LR Tips Key Things Everyone Using Lightroom Classic Should Know: Part 1


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I recently met a photojournalist who was just getting started with using Lightroom Classic and I wished I had the time to convey to him the most important things everyone using Lightroom Classic should know to not only maximize their workflow, but to avoid self-inflicted injury and wasted time. So, I’m putting it here for you and perhaps he’ll see it someday too. That said, it is my hope that this will be an important refresher for people who have been using Lightroom Classic at any level.

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[Note, this originally appeared in the September issue of Photoshop User magazine.]

A Workflow Tool​


Fundamentally, Lightroom Classic (LrC from here on out) is a workflow tool, and image editing is just one part of the workflow. A typical digital photography workflow includes capture, image transfer, organization, file management, application of metadata, image enhancement, output (in various forms), and image retrieval. LrC can be used in all those tasks, and if you’re not using LrC in those ways then you may be missing out. It is also just as important to know what LrC cannot do, and at the top of that list I’d put image backup, which is a task we all must do outside of LrC.

LrC takes a modular approach to these tasks, which is why there are seven different modules (Library, Develop, Map, Book, Slideshow, Print, and Web) across the top of the interface. I would argue that the Import and Export dialogs could also count as modules as well due to them being just as important (if not more so) than any of the others. It is true that not every photographer will have need of every module (sorry, Web), but I do recommend becoming familiar with each and filing away its capabilities for the future.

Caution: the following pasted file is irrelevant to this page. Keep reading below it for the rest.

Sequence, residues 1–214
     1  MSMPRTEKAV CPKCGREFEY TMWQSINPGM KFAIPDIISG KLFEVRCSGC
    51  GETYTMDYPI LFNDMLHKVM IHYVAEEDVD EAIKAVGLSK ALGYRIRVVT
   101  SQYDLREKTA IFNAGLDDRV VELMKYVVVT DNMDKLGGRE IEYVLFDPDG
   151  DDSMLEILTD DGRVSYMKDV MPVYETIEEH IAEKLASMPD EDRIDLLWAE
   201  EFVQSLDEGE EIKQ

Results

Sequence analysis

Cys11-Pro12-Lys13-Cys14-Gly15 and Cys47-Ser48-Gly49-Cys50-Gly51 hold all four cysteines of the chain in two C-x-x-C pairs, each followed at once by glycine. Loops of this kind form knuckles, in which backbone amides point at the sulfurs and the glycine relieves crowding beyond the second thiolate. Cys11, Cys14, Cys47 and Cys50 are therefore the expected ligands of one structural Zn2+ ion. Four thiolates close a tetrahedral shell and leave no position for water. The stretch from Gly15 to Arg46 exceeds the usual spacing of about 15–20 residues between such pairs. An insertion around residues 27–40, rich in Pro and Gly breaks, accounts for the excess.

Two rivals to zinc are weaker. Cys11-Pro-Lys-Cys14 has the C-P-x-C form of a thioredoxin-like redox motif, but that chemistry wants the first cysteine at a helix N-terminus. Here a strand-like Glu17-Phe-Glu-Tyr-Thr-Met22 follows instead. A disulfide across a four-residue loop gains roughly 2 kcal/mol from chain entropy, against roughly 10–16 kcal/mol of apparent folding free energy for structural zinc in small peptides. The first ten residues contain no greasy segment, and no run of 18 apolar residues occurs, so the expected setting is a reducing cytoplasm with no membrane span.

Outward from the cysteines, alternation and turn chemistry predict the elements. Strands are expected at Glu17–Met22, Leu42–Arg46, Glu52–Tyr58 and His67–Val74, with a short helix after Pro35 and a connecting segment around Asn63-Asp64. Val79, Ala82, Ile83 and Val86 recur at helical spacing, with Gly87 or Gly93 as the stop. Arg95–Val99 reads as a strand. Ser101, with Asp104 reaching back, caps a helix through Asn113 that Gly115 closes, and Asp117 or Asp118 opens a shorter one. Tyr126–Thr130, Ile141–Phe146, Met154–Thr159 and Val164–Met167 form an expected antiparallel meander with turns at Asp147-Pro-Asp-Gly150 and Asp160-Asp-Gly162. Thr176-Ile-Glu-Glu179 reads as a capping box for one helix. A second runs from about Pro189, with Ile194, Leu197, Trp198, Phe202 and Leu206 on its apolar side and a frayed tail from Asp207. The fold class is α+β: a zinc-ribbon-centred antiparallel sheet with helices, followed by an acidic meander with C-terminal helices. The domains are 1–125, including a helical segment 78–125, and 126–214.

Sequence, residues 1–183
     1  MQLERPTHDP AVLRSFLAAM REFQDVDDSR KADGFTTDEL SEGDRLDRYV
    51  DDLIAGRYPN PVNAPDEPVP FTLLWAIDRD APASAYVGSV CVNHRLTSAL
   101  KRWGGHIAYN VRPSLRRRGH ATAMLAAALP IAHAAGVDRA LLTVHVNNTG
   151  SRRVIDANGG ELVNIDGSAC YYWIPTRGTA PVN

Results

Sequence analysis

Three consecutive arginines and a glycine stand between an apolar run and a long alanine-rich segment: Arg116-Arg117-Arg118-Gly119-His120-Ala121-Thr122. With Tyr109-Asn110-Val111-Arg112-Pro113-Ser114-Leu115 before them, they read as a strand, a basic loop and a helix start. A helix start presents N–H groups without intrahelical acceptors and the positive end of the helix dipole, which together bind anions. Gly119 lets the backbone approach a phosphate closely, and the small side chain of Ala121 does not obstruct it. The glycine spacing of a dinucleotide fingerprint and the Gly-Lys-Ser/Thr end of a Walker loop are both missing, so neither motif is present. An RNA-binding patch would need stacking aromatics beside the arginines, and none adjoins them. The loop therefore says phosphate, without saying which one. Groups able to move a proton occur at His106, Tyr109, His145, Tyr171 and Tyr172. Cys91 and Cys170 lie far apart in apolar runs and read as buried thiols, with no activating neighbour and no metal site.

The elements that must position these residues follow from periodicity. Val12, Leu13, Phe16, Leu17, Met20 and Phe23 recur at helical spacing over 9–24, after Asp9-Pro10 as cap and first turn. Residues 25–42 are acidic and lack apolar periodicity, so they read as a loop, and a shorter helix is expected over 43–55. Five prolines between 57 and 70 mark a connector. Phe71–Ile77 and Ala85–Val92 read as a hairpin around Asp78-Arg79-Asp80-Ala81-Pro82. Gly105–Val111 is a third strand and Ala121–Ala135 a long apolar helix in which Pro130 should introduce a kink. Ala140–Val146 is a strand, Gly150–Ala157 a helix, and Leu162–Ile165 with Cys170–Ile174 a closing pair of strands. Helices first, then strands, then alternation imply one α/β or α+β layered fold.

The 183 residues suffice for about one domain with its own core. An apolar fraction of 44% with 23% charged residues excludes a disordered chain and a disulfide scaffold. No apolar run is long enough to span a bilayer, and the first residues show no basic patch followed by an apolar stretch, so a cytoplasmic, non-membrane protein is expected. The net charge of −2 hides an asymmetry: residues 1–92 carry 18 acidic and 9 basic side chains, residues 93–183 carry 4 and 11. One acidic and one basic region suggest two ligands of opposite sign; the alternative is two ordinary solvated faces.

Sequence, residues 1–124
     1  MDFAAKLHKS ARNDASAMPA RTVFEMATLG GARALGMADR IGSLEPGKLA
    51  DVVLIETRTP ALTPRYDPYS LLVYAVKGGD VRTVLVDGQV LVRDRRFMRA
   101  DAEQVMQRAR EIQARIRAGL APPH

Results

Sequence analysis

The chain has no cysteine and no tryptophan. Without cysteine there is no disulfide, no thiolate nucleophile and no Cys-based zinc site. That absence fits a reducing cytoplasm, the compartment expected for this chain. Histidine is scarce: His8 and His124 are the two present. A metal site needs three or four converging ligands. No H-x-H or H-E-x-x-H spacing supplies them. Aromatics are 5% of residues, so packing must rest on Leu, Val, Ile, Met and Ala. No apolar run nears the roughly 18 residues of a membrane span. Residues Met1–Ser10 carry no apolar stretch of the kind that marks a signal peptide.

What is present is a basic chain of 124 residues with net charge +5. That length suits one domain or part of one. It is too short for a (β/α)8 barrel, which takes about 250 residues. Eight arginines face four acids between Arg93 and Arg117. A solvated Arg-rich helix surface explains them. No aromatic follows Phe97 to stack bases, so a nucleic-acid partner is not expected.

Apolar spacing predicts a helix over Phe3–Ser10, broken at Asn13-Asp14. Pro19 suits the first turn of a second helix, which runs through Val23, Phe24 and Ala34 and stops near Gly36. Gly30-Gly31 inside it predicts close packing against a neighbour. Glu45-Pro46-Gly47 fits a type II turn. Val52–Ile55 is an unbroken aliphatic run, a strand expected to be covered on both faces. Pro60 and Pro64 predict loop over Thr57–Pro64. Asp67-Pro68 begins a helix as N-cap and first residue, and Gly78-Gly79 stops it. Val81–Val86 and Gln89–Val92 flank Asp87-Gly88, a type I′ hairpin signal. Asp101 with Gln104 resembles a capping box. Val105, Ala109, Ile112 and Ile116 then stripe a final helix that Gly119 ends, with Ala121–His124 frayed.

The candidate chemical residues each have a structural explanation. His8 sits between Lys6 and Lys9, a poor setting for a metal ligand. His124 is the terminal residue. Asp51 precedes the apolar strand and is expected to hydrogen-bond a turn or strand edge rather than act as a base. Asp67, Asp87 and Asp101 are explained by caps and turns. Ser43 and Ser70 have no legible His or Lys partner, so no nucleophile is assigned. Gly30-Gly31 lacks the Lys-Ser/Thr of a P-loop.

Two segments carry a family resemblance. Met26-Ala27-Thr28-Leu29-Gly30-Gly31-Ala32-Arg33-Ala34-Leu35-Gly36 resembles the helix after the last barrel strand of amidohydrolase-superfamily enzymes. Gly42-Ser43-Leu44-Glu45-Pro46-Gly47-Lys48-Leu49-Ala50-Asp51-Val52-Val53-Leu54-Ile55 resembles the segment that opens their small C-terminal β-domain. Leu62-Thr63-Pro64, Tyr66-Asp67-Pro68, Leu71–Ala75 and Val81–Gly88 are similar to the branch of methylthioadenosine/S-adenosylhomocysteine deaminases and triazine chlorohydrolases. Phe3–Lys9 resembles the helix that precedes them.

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The modules are what we see in the interface, but under the surface is a database that allows us to seamlessly move between each module, import our photos, edit them, organize them, and send the finished versions out into the world. This database is called the catalog, and within the catalog is where LrC stores everything it knows about your photos, from the camera generated EXIF metadata to where they are stored on your drive(s) to every change you make in a LrC session. Just to be clear, your actual photos are not stored within the catalog, only a reference to where each photo resides on a drive is stored in the catalog. The catalog file is arguably almost as important as your photo library as it is the repository of all the work you ever do inside of the program. It is so important LrC includes features to help you monitor, maintain, and backup your catalog file, and I can’t stress how important it is to leverage these features.

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Find Your Catalog​


Knowing where the catalog is located is critical and luckily very easy to do. Here’s how:

Step One: With LrC open, go to the Lightroom Classic menu (PC: Edit) and choose Catalog Settings to open the Catalog Settings dialog.